- The 2021 BMW M3 and M4 have even bigger, more ostentatious kidney grilles, but the two cars from BMW's performance division are otherwise true to their existing personalities.
- The M3 and M4 happily still come with the option of a six-speed manual transmission.
- They'll square off against strong competitors including the Mercedes-AMG C63 and the Audi RS5 Sportback, and they'll start arriving at dealers next March.
If you are irked by the protruding nose of the new BMW 4-series, we have bad news for you: The vertical kidneys of the new M4 are even bigger and more prominent, and what's more, they carry over to the M3. This, however, should be by far the most controversial element of the new M3 and M4, because in every other respect, BMW's M performance division has stuck to the proven formula that has made the duo such a resounding success.
In fact, the engineers at M GmbH have listened very closely to customers and journalists. One of the results: Unlike every competitor, you can still get the M3 and the M4 with a six-speed manual transmission. And even better, it is possible to turn off the rev-match system that all too often interferes when you are having fun with the clutch and gearbox.
Of course, there is no such thing as unconditional bliss, and the drawback is that the manual transmission is tied to the lower of two power levels: the entry-level M3 and M4, which are powered by a 473-hp variation of the upgraded S58 twin-turbocharged 3.0-liter inline-six. The alternatives are the M3 Competition and its two-door sibling, the M4 Competition, which feature another power upgrade to a 503 horsepower and are solely available with an eight-speed automatic sourced from ZF. It is a quick-shifting unit that allows for automatic throttle blipping at downshifts and will select the lowest possible gear when the left paddle is held for an extended period of time.
Maximum power comes at 6250 rpm in both models, 950 rpm shy of the lofty 7200 rpm redline. Peak torque of 406 lb-ft is served up on a plateau from 2650 to 6130 rpm on the regular models, while the somewhat sharper Competition models produce 479 lb-ft from 2750 to 5500 rpm.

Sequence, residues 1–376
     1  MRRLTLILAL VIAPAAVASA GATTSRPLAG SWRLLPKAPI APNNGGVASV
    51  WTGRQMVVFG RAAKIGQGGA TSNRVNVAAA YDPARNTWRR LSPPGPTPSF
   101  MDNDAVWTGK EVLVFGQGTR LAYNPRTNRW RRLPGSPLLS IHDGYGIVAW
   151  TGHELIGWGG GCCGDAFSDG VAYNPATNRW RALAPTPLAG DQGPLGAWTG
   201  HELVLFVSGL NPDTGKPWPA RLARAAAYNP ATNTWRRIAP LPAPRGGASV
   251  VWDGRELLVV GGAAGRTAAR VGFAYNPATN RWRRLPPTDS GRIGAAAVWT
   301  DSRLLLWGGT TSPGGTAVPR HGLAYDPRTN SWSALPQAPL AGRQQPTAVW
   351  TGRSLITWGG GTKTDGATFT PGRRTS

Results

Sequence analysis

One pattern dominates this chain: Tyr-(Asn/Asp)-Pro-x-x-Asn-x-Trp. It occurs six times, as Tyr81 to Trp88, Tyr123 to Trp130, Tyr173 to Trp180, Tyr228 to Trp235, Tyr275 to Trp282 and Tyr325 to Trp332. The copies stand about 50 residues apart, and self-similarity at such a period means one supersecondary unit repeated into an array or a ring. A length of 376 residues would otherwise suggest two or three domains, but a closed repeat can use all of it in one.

Both powertrains send the torque to the rear wheels, but BMW already announced an all-wheel-drive variant that will be offered solely on the automatic-only Competition models. Taking a page from the top-level M models, the all-wheel drive system will be rear-biased, and it will be possible to switch off the front axle entirely for some unfiltered drift action. Rear-axle torque is harnessed by a electronically controlled differential. When the optional M Drive Professional system is specified, axle slip can be adjusted on a range of a full 10 stages.
A 155-mph governor is standard, but it can be raised to 180 mph (in case speed limits are ever lifted). The sprint from zero to 60 mph takes a claimed 4.1 seconds in the regular models and drops to 3.8 seconds in the Competition models.
Engineering geeks will relish features such as the S58's closed-deck block and a forged crankshaft. The engine, first launched on the X3 M and X4 M, features variable valve timing and lift. The automatic transmission needs and gets a separate cooler.
Compared to the regular 3- and 4-series, the M3 and M4 receive a different electrically assisted power steering system with a variable ratio, and the body and chassis are significantly stiffened. Both versions feature different tire and wheel sizes: 275/40ZR-18 front and 285/35ZR-19 rear for the base model and 275/35ZR-19 front and 285/30ZR-20 rear for the Competition model.
Visually, there won't be any mistaking the M3 and M4 for their more pedestrian siblings, and that is not just a function of those nostrils. The M3, in particular, looks far more aggressive than the 3-series, thanks to a number of wide and angular body parts and a large rear diffuser. Those elements spread out a bit more elegantly on the M4, but we like the dominant demeanor of the M3.
Inside, there are M-specific graphics and extra buttons that allow the shortcut to preferred, pre-configurable settings. The fat steering wheel is grippy, and the seats offer a lot of lateral support in fast corners. Curiously, there is no armrest on the rear bench, but these are driver's cars, aren't they?
We have driven an entry-level M3 at a late prototype stage and can attest to its superior performance. If you like to shift yourself, you won't have this much fun in any other four-door sedan.
Given its level of performance, the duo is very competitively priced: The M3 will set you back $70,895, and the M4 starts at $72,795, with the Competition package offered at a modest extra $2900. They will be launched in March 2021, and the xDrive all-wheel-drive Competition models will come next summer.
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